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Posted 20 November 2008 - 06:30 PM

My god 12.95!!!! We sell ours at 3.95p# and our quality is backed by the top chefs all over the country... We are even promoted in the F laundry cookbook... :-) if you want to see If we would be a good fit for your restaurant, send me a PM with a # I can reach you and we can talk some biz.
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#19 paulraphael

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Posted 20 November 2008 - 11:37 PM

Sean, do you sell retail? Or through any NYC retailers that you recommend?

#20 iHEARTalbany

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Posted 20 November 2008 - 11:46 PM

My god 12.95!!!! We sell ours at 3.95p# and our quality is backed by the top chefs all over the country... We are even promoted in the F laundry cookbook... :-) if you want to see If we would be a good fit for your restaurant, send me a PM with a # I can reach you and we can talk some biz.

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#21 SeanDirty

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Posted 21 November 2008 - 07:02 AM

My god 12.95!!!! We sell ours at 3.95p# and our quality is backed by the top chefs all over the country... We are even promoted in the F laundry cookbook... :-) if you want to see If we would be a good fit for your restaurant, send me a PM with a # I can reach you and we can talk some biz.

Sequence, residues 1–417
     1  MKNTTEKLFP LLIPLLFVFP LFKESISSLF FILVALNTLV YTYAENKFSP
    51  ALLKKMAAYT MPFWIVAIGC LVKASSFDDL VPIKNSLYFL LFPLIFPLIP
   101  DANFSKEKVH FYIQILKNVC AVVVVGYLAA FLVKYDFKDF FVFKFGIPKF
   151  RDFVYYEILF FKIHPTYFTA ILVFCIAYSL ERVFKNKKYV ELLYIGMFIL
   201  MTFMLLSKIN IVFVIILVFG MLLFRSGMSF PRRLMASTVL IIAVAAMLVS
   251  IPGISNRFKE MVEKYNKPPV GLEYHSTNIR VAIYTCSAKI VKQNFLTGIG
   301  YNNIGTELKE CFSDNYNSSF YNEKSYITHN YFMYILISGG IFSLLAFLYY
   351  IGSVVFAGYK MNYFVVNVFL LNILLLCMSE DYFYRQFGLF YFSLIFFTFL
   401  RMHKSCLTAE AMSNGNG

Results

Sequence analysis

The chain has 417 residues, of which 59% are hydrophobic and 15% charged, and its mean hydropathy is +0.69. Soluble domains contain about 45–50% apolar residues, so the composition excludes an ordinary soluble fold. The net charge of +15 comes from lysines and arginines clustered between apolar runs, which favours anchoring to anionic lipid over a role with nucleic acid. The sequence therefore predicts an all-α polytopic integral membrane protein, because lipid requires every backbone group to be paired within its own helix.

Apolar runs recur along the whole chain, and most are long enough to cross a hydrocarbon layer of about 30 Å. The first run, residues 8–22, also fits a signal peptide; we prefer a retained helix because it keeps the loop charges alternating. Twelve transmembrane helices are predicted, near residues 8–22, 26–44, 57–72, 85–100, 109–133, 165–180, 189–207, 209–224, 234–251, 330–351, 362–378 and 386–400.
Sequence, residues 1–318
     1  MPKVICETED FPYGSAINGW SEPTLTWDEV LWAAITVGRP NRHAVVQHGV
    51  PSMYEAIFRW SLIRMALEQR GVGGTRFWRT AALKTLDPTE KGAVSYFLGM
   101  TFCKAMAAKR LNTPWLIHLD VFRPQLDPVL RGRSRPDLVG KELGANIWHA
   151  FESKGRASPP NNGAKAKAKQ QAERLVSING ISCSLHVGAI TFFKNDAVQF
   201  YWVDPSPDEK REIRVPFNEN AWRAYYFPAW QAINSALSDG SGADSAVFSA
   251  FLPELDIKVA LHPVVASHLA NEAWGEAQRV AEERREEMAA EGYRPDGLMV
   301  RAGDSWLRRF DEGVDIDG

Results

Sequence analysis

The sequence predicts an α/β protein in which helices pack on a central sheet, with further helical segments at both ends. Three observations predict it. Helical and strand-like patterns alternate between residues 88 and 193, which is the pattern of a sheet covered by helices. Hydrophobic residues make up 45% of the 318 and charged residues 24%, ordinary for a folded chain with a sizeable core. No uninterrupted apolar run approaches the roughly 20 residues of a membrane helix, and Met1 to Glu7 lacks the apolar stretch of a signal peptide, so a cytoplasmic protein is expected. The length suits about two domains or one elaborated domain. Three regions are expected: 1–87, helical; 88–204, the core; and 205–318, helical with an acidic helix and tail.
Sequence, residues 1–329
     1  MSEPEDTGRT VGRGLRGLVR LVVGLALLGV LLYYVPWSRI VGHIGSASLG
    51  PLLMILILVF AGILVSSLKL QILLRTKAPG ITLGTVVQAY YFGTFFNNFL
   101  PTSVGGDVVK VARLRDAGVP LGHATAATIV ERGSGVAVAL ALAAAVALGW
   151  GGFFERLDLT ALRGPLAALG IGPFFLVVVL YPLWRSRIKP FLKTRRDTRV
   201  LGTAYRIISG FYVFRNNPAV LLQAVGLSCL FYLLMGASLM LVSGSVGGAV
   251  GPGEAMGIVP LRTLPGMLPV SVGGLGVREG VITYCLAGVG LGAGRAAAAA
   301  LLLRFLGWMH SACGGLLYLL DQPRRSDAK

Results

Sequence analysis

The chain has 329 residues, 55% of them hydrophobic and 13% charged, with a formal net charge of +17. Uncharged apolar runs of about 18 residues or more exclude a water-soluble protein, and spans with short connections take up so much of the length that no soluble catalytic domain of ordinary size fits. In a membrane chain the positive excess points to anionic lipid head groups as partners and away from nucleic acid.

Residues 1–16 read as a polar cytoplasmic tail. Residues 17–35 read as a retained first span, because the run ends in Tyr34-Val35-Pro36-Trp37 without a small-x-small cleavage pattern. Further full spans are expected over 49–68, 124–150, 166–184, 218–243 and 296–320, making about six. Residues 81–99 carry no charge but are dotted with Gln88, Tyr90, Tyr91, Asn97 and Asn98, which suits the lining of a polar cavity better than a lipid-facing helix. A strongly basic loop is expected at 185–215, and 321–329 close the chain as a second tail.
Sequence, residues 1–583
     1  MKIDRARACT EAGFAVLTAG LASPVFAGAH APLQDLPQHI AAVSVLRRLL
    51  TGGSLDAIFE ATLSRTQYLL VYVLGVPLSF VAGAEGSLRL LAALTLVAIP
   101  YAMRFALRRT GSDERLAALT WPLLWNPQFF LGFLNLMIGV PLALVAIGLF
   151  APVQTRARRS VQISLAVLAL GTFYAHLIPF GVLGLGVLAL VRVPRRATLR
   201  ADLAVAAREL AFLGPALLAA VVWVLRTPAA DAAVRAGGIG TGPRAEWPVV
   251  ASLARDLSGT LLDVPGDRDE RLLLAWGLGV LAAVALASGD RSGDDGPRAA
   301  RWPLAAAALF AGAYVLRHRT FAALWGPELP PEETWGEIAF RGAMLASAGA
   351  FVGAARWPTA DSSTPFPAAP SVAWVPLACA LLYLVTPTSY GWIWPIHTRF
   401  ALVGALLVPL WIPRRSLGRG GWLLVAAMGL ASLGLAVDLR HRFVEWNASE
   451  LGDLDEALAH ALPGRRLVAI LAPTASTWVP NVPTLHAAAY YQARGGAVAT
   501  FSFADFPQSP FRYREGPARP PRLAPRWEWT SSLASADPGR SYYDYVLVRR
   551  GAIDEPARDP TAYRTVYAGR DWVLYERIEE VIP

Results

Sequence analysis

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Good to see sean dirty seeding on here...

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heh well ya know... that's a major rip off... if you were paying 3x the actual cost of a product wouldn't you want to know if you could get it just as easily at a fraction of the cost :)

As for fish companies i could recommend in NYC... well i'd hate to say go to grand central station, as i hate the company that sells there as we have had beef... but they do sell it. And generally its a convenient area... so Grand Central Market.